* in fact, no one has ever established that there was a custom of shipping manure;
* the word has cognates in many other languages, including ones outside Germanic, for which no acronym theory of origin makes sense;

http://www.etymonline.com/baloney.php

DG
sorry DaveG
any chance you could shorten it and make it a little more exciting :evil:

JAYB
your version may not be right but did not fall asleep reading it :lol:
 
D

DaveG

Guest
#7
Re: Bursting your bubble

stone said:
DaveG said:
The word **** has a long and well-documented history, far older than any large-scale organized sea-trade in northern Europe. Anglo-Saxon leechdom books use scittan in reference to cattle having diarrhea. A Latin text from 1118 refers to "Lues animalium, quæ Anglice Scitta vocatur, Latine autem fluxus interaneorum dici potest."

There are many examples of the verb from the 14th century [e.g., from 1387: þey wolde ... make hem a pitte ... whan þey wolde schite ...; and whanne þey hadde i-schete þey wolde fille þe pitte agen."]. The noun is attested from the 16th century, both in reference to excrement and to contemptible people.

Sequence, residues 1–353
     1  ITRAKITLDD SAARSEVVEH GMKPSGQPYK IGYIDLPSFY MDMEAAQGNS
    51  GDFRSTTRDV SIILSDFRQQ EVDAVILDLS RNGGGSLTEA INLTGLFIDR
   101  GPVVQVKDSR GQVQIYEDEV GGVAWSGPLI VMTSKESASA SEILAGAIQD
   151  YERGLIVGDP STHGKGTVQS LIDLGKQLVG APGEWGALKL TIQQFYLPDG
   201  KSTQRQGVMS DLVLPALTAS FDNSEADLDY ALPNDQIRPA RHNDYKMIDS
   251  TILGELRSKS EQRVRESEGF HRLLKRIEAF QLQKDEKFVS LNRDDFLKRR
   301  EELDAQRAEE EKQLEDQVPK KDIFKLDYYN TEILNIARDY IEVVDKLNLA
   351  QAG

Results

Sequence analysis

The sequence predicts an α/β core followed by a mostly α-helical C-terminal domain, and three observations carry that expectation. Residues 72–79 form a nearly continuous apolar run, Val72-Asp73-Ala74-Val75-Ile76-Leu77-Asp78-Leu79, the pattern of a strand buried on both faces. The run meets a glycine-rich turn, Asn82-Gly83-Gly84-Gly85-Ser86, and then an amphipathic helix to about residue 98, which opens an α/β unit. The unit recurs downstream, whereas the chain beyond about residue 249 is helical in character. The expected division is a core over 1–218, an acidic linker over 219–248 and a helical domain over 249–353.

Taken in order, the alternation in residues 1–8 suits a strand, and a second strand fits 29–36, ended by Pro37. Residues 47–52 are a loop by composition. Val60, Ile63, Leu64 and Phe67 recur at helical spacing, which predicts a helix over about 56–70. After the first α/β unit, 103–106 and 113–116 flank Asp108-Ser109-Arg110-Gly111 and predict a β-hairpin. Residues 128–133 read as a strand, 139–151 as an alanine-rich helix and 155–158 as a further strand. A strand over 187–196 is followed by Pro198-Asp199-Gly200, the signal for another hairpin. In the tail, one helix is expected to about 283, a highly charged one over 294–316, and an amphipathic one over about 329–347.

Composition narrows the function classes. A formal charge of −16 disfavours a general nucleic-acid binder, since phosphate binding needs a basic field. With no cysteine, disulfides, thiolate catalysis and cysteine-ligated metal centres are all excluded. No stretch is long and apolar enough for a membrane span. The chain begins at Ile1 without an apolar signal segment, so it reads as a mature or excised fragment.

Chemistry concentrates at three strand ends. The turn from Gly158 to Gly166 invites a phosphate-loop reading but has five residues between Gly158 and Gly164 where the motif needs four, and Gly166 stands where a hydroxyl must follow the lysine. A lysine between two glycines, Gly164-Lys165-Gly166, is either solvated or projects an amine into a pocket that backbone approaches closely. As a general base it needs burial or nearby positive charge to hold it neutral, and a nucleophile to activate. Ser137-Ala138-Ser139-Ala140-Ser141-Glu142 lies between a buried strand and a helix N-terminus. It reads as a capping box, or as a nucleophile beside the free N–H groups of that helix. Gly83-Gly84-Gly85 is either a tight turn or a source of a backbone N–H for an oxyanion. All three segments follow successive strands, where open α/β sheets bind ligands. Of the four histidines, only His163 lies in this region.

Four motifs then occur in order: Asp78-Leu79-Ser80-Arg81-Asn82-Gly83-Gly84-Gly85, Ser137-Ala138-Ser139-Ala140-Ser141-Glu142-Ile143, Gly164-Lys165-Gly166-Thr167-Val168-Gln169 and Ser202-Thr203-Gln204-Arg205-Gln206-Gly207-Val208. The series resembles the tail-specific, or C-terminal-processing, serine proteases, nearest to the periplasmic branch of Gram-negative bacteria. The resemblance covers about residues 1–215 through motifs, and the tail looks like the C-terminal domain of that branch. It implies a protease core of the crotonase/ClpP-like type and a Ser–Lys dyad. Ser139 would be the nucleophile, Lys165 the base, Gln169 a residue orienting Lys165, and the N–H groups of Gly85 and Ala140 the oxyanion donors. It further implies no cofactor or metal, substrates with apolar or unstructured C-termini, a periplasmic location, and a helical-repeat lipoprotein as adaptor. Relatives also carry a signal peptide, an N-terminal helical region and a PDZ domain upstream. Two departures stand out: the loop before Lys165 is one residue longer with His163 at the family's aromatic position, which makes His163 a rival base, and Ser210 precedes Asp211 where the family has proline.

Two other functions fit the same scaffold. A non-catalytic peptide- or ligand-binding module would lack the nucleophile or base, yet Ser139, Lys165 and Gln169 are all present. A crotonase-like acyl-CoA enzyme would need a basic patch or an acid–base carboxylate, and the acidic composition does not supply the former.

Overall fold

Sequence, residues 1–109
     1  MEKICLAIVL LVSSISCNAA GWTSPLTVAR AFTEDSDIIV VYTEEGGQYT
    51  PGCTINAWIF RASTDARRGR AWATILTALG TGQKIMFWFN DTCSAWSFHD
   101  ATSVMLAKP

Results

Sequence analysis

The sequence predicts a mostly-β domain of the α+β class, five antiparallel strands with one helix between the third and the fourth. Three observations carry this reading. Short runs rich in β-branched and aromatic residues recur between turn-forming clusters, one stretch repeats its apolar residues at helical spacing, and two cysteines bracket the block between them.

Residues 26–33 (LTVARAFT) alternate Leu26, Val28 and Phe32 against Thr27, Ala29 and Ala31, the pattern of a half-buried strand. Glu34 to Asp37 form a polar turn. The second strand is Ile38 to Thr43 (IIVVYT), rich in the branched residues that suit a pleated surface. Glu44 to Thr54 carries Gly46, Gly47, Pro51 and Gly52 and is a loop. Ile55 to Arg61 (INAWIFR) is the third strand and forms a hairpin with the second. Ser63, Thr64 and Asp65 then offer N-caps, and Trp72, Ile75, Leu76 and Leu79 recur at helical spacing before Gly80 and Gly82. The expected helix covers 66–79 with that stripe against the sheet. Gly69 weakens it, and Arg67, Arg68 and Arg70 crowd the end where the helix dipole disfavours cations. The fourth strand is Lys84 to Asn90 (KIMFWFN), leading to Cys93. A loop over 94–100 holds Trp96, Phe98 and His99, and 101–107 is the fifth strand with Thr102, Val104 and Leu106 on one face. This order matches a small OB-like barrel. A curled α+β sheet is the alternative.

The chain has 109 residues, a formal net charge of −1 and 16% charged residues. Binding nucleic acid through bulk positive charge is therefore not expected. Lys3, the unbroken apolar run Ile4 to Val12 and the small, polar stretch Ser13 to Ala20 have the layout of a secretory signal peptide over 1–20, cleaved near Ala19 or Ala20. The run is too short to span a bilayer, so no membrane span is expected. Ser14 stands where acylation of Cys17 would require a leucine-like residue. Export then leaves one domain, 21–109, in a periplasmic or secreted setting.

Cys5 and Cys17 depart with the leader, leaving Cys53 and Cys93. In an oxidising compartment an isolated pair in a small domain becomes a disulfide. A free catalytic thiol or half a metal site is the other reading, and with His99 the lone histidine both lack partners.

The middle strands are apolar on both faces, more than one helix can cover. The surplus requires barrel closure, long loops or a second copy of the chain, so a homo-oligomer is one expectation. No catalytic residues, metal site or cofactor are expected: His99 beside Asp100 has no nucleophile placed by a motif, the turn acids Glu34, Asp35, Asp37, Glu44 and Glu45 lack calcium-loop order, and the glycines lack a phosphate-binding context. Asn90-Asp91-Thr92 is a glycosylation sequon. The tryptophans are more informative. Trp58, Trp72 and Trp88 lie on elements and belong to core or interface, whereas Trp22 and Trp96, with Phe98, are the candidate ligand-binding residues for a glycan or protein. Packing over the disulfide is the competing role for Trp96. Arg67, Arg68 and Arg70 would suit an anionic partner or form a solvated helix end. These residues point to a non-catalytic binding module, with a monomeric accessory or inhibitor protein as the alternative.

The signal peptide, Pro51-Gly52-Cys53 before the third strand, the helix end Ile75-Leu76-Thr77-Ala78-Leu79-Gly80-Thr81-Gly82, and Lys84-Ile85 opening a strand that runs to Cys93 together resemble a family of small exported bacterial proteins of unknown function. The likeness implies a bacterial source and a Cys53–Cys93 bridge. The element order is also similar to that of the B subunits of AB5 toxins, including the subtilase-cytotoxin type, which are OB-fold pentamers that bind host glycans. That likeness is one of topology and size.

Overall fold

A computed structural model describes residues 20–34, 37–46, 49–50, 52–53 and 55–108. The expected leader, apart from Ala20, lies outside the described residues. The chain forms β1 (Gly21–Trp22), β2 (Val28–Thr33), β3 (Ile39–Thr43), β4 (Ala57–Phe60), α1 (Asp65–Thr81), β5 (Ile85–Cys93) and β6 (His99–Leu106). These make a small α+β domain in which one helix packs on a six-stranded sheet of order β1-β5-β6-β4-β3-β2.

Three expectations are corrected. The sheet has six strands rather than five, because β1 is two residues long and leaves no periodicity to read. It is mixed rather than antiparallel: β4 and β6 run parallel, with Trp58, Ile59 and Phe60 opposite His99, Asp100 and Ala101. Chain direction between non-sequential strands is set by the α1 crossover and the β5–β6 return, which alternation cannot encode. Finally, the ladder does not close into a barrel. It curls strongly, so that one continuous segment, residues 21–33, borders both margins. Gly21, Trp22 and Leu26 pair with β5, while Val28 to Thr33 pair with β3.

The acronym theory of the origin of **** can't explain the related words in other languages, such as German Scheiss, Dutch schijt, Old Norse skita, and Lithuanian sikti, which come from the same prehistoric root. As far as I know, there's no corresponding acronym to "ship high in transit" in the merchant marine history of the Grand Duchy of Lithuania.

Which brings up another point. It's impossible to prove a negative, and I'm not the world's leading expert on shipping, but I have done a great deal of historical research, including detailed examination of ship's manifests going back to the 17th century and studies of trade and tariffs and commerce, and I've never found anyone anywhere shipping manure. People shipped a lot of strange things over long distances (bricks, for instance). But if there's one thing that an all-seeing providence has liberally supplied to every inhabited corner of the globe, it's ****. Who ever transported it often enough that ****-shipping evolved a jargon? Guano -- bird droppings as a source of nitrates -- became an important article of trade in the mid-1800s, but this is much too late for ****, and anyway guano is guano, **** is ****.